Seventh-day Adventist Church leaders intend to step up the distribution of Sabbath School study guides and to better prepare Sabbath School teachers in an effort to reverse a slide in Sabbath School attendance across the Caribbean, Central America, and the northern regions of South America.
The Adventist Church’s Inter-American Division made the decision after a division-wide survey showed a drop in the number of church members attending Sabbath School classes and studying the Sabbath School study guide every week.
The main reason for the decline? Nearly half of church members do not receive study guides and only about half attend Sabbath School regularly, said Samuel Telemaque, Sabbath School director for the church in Inter-America, citing the survey.
“This is a challenge that still affects the church member who needs access to study and be prepared for the lesson study,” Telemaque said.
Telemaque presented the results of the online survey of 1,653 church members in English, Spanish, and French at division year-end meetings held this month in Miami, Florida. The main purpose of the survey was to examine issues affecting the nurturing, programming, and equipping of Sabbath Schools in the division’s more than 20,000 congregations.
Telemaque said a priority that emerged from the survey was to give church members more access to quarterly Sabbath School study guides. Most members have to purchase their study guides in hardcopy form, and few churches budget study guides so members can take them free of charge.
Of the members surveyed, 79 percent of English speakers received study guides for free from their churches, but 70 percent of Spanish speakers and 42 percent of French speakers had to buy their own guides. No margin of error was given for the survey of 894 men and 759 women mostly ranging in age from 25 to 54.
Another issue that emerged from the survey is Sabbath school classes are not always led by trained teachers who facilitate learning and in-depth study of the Bible, Telemaque said.
When respondents were asked whether there was a “need for innovative Sabbath School program resources for Sabbath School directors in your local church,” a firm “yes” was said by 80 percent of English speakers, 75 percent of Spanish speakers, and 83 percent of French speakers.
Other factors happening outside church, such as overworking, also affect attendance, Telemaque said.
“Over the years we have seen how a number of social factors, economic factors, and world view factors affect our people in attending Sabbath School every week,” he said. “Because of economic pressures, many can only make it to divine worship services because they are tired from working several jobs during the week.”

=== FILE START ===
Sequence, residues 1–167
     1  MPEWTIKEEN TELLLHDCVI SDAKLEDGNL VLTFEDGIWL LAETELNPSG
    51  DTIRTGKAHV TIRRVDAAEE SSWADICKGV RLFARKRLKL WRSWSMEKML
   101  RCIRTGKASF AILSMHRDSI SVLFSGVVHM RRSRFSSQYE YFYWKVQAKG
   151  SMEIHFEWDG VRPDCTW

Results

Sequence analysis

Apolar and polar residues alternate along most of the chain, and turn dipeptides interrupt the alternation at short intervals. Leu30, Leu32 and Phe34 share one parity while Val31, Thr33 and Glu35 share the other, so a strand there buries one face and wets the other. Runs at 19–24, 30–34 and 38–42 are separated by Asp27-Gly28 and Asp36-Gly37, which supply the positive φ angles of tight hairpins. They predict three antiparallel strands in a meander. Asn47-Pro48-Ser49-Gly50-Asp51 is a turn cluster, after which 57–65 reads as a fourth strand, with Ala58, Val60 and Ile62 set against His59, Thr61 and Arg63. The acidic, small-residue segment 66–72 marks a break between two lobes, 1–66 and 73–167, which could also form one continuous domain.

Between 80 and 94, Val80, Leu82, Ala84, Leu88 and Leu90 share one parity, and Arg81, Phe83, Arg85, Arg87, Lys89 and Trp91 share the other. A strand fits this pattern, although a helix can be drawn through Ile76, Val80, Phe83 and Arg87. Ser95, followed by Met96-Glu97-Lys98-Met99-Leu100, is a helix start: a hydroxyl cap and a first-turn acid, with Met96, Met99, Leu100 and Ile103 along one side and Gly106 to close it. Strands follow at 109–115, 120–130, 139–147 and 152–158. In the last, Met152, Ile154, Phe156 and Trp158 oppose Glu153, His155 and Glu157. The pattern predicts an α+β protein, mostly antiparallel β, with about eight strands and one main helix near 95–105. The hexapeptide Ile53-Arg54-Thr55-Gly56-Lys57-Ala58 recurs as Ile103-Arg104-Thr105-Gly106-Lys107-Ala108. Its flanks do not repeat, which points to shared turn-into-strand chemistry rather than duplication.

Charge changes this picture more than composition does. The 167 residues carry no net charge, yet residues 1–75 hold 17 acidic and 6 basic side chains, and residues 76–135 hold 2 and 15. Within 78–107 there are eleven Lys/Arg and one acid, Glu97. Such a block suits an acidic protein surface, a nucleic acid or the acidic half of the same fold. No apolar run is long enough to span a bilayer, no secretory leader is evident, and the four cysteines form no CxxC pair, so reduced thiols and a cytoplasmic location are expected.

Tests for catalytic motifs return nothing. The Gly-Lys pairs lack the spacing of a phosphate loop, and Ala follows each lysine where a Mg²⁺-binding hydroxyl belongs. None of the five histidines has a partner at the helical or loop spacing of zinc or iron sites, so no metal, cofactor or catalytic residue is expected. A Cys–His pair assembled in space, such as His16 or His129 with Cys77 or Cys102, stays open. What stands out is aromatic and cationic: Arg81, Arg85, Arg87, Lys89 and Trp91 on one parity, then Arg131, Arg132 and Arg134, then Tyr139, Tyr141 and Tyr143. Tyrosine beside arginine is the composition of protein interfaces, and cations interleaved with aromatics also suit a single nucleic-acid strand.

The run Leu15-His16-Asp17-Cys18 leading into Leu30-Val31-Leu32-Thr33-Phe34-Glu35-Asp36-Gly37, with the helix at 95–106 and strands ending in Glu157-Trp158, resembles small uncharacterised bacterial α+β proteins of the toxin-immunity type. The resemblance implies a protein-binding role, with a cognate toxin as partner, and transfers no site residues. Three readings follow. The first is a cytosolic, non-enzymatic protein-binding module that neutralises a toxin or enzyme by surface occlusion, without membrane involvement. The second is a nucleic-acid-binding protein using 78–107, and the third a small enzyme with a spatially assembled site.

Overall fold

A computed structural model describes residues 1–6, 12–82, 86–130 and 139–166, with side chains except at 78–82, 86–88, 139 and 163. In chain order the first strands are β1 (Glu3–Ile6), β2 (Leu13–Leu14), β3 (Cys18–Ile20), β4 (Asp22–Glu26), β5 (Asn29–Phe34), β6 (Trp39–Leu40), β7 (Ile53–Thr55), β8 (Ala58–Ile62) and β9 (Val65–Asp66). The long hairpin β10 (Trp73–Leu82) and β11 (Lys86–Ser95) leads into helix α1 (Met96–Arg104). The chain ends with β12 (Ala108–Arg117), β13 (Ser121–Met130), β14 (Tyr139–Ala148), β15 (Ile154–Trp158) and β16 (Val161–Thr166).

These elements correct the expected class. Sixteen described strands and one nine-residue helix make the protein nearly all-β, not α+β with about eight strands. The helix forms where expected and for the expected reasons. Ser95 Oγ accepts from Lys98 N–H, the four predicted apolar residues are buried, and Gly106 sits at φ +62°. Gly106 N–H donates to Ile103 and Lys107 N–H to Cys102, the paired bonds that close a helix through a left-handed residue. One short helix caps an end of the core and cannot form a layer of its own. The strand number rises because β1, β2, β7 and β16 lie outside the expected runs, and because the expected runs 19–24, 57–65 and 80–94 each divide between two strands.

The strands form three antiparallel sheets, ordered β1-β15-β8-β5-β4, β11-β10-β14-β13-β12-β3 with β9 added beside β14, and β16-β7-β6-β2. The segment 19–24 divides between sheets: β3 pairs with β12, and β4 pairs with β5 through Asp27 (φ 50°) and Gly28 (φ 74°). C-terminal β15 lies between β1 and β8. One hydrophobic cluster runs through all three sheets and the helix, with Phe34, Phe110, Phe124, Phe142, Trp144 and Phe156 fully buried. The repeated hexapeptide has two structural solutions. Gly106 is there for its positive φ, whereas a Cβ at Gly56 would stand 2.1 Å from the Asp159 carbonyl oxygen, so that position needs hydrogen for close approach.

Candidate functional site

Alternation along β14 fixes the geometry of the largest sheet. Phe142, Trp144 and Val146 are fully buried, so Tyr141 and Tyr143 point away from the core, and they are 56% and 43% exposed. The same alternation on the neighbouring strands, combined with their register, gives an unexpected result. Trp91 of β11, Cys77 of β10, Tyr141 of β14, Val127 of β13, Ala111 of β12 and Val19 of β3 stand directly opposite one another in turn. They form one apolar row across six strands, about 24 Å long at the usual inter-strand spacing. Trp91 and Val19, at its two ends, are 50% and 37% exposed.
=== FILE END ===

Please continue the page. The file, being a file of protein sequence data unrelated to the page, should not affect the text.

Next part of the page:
Another finding showed that church members felt that a low percentage of the division’s 30,000 Sabbath School teachers were well prepared to teach the class every Sabbath. Only 37 percent of English and Spanish speakers and 41 percent of French speakers agreed that their teachers were prepared.
Fellowship is a big part of the Sabbath School class every week, but the main study of the Bible needs to be its top priority, Telemaque said. Keeping to that priority means church members who volunteer as Sabbath School teachers every Sabbath morning need to be properly trained to teach the class, he said.
“We need to go back to why Sabbath School was instituted in our church, and that was with special emphasis on the study of the Word of God,” he said.
Church leaders from across the division strongly recommended during the year-end meetings that every member receive a quarterly Sabbath School study guide for free.
“Make a serious effort to ensure churches in your territory make this material available for free to members, because this is an urgent matter, it’s part of growth, retention and evangelism in each church,” said division president Israel Leito.
That may be easier said than done. In many countries, the study guide costs US$1 to $3, a figure that adds up quickly in a division with more than 3 million members.
Mexico, for example, has nearly 717,000 church members in five church unions, yet the local GEMA Publishing house prints and sells only 300,000 regular adult study guides and 120,000 teacher’s study guides each quarter. Some members purchase one guide per family and others obtain the lesson online. But most have to purchase their own copies because few churches making the guides available for free.
In Venezuela, which is experiencing political and economic turmoil, study guides go for no more than $2 each, but that cost represents 10 percent of a member’s monthly income, said Josney Rodriguez, president for the church in East Venezuela, which is based in Caracas.
“We want to offer the quarterly for free to every member, but our local printing costs are high and our members are struggling to obtain basic needs right now,” he said.
Rodriguez said his office would discuss ways to offer the study guides for free.
Division leaders voted to create new resources to help Sabbath School leaders with Bible-based programs and to develop systems to care for and assimilate new members in Sabbath School.
Telemaque will hold trainings in 13 of Inter-America’s 24 unions to equip church administrators, pastors, and Sabbath School teachers from January 2016.
Herbert Fletcher University, an Inter-American institution offering online education, will begin to provide a Sabbath School certification program for teachers starting in September 2016.
“Our main goal of the Sabbath School is to develop members who are capable of applying spiritual discipline to resist temptation, to cope with crisis, to enjoy victorious living in Christ, to live in readiness for the coming of Jesus, and to participate in God’s mission in the world,” Telemaque said.